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Plasticity of basal ganglia neurocircuitries following perinatal asphyxia: effect of nicotinamide.

Klawitter V., Morales P., Bustamante D., Gomez-Urquijo S., Hokfelt T., Herrera-Marschitz M.

The potential neuroprotection of nicotinamide on the consequences of perinatal asphyxia was investigated with triple organotypic cultures. Perinatal asphyxia was induced in vivo by immersing foetuses-containing uterine horns removed from ready-to-deliver rats into a water bath for 20 min. Sibling caesarean-delivered pups were used as controls. Three days later tissue from substantia nigra, neostriatum and neocortex was dissected and placed on a coverslip. After a month, the cultures were processed for immunocytochemistry and phenotyped with markers against the NMDA receptor subunit NR1, tyrosine hydroxylase (TH), or neuronal nitric oxide synthase (nNOS). Some cultures were analysed for cell viability. Nicotinamide (0.8 mmol/kg, i.p.) or saline was administered to asphyxia-exposed and caesarean-delivered control pups 24, 48 and 72 h after birth. Perinatal asphyxia produced a decrease of cell viability in substantia nigra, but not in neostriatum or neocortex. Immunocytochemistry confirmed the vulnerability of the substantia nigra, demonstrating that there was a significant decrease in the number of NR1 and TH-positive (+) cells/mm2, as well as a decrease in the length of TH+ processes, suggesting neurite atrophy. In control cultures, many nNOS+ cells were seen, with different features, regional distribution and cell body sizes. Following perinatal asphyxia, there was an increase in the number of nNOS+ cells/mm2 in substantia nigra, versus a decrease in neostriatum including reduced neurite length, and no apparent changes in neocortex. The main effect of nicotinamide was seen in the neostriatum, preventing the asphyxia-induced decrease in the number of nNOS+ cells and neurite length. Nicotinamide also prevented the effect of perinatal asphyxia on TH-positive neurite length. The present results support the idea that nicotinamide can prevent the effects produced by a sustained energy-failure condition, as occurring during perinatal asphyxia.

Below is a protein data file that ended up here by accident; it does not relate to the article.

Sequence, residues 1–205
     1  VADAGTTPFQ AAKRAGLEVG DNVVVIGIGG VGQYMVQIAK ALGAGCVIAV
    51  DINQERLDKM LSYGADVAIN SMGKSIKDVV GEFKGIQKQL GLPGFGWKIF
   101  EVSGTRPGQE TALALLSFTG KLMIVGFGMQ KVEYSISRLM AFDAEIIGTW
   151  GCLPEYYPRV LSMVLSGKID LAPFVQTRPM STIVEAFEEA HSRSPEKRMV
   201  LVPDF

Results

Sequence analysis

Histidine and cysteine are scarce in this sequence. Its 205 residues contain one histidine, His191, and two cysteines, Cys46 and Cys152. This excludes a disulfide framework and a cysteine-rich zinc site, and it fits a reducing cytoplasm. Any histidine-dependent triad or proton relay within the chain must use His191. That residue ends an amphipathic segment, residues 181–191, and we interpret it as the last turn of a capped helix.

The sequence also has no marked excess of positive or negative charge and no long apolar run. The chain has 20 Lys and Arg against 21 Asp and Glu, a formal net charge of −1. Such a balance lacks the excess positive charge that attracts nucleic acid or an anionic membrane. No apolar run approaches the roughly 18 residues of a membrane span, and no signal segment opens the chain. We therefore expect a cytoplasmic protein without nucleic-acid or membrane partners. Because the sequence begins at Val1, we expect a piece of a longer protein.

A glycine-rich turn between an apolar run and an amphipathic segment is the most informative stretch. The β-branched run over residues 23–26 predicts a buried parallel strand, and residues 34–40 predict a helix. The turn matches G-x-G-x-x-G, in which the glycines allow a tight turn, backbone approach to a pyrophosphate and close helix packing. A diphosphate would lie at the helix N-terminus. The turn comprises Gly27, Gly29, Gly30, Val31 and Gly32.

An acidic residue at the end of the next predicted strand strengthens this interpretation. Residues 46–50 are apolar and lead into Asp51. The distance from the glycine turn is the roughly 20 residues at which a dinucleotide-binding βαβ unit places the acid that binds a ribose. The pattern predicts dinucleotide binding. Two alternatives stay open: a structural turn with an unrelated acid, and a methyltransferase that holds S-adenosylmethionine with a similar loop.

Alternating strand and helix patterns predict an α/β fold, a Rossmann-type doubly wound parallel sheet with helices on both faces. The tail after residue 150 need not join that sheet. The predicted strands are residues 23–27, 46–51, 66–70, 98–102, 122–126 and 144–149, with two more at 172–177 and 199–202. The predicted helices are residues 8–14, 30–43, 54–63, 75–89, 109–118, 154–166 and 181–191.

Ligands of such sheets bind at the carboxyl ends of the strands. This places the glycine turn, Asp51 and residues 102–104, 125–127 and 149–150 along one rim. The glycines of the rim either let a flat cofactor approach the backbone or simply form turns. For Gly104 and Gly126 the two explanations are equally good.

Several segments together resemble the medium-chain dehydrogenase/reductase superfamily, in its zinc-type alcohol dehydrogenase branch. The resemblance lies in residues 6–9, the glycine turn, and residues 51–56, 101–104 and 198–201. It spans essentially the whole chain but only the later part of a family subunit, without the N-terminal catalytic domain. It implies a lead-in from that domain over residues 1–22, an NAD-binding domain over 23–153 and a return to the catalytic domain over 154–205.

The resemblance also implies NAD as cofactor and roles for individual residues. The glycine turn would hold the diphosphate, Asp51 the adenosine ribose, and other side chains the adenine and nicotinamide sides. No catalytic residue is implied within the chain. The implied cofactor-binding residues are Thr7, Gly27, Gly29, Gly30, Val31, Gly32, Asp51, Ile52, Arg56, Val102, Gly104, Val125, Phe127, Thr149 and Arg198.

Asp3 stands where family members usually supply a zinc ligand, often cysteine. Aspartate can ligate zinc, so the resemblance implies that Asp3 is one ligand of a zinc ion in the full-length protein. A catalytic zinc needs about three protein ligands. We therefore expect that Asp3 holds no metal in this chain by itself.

Exp Brain Res 180:139-152(2007) [PubMed] [Europe PMC]

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